The problem with overpaying is once you have paid your money towards your mortgage you cannot get it back, unlike putting your spare income into savings or other investments.

This is where an offset mortgage can be useful. With an offset mortgage you can pay into a savings account that is linked to your mortgage.

The money in this account is then counted as a temporary overpayment towards your mortgage and is ‘offset’ against your mortgage balance, reducing the amount of interest you pay.

However the rates offered by offset mortgages will be slightly higher and you won't earn interest on your savings. That could be attractive when savings rates are low, but that could change if the base rate increases.

Borrowing against equity?

Equity is the share you own of the value of your home. If, by your 50s your home has increased in value and you would like to access some of that value as cash, you could consider getting a larger mortgage when remortgaging to borrow against your equity.

However, doing this is not without its risks. To find out more, read our guide on equity and how to use it for borrowing.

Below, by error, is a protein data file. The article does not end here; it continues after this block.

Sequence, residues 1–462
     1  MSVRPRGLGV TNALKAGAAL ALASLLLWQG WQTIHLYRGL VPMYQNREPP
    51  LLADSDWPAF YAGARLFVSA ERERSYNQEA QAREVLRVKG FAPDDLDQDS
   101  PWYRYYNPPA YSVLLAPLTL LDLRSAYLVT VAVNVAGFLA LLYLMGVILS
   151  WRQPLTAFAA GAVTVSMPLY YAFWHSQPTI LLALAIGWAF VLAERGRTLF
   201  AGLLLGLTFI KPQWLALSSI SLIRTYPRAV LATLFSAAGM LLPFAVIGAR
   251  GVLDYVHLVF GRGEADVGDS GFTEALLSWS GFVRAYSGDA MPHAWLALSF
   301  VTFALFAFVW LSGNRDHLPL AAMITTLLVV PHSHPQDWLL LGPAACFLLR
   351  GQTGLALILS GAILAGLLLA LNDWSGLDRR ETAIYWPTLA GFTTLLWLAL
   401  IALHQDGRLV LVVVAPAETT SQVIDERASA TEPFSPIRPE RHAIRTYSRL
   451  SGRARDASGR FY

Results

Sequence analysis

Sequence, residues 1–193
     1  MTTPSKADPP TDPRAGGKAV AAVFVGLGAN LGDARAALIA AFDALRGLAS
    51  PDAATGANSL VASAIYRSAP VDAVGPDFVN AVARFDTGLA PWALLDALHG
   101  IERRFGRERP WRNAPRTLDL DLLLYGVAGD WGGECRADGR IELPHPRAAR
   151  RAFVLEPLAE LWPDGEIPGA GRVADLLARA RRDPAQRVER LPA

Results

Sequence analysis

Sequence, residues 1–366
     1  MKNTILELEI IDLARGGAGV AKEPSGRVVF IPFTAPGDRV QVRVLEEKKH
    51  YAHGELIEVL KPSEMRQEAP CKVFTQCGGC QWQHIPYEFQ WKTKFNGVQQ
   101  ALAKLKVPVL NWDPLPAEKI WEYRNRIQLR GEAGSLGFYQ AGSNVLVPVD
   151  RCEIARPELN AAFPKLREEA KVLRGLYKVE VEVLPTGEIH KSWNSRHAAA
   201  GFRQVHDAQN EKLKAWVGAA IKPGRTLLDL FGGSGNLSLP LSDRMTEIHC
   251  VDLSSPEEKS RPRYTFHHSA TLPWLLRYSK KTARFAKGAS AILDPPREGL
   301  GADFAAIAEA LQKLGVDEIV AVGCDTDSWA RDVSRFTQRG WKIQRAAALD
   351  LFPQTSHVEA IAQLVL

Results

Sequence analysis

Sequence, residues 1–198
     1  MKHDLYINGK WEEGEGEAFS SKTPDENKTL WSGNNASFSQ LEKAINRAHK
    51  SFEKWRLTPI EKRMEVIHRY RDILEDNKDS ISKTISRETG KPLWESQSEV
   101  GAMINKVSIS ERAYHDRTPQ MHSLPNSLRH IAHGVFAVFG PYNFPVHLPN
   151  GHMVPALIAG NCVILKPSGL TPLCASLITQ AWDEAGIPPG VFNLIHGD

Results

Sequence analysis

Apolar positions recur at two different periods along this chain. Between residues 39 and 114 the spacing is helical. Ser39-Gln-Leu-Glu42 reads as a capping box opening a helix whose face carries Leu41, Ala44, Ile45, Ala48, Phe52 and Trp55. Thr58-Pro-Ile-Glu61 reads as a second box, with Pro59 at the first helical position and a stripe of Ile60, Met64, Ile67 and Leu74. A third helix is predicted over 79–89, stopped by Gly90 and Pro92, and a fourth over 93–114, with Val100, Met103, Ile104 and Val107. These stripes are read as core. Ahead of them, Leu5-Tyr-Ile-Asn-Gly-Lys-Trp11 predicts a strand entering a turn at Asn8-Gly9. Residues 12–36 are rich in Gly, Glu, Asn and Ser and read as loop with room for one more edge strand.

Mortgages for over 60s

It can get harder to successfully apply for mortgages once you’re in your 60s because lenders are wary of giving loans to people whose income is likely to fall in the near-future.

Although in some ways you can still enjoy the flexibility of your 50s, it’s likely you will be able to apply only for shorter mortgage terms of 10-15 years. So, if you're planning to remortgage to borrow a larger amount, you need to show you can afford to pay off your mortgage in a shorter time.

Also, if you are planning to retire at the traditional age of 65-70 you will need to show that the income from your pension, annuities or other investments can adequately meet the mortgage repayments.

All our mortgage products are available for those over 60 (although some are capped at 65). Here's how to compare them:

  1. Go to the Uswitch Mortgages comparison page

  2. Enter the property value, how much you wish to borrow and the repayment term

  3. If you wish, filter further by rate type, initial period, or payment type

  4. For each mortgage product you are interested in, click ‘More information’ to get a dropdown list of eligibility criteria 

  5. Look for age restrictions on the mortgages, such as ‘65 or younger at mortgage end’

Mortgages for over 70s

Getting a mortgage in your 70s can be very difficult, if not impossible. Some lenders are more flexible and offer a more personalised service than others though, so it's worth asking about policies and if they'll take your personal circumstances into consideration.

Local credit unions and building societies are traditionally some of the most understanding lenders, so it could be worth finding your local one and seeking their advice.

It may also be possible to apply for a guarantor mortgage, if you can provide a guarantor who would be willing to meet the repayments should you be unable to.

Finding an over-70s mortgage

Our mortgage comparison tables contain a number of providers that provide mortgages for over 70s. We explain how to find them: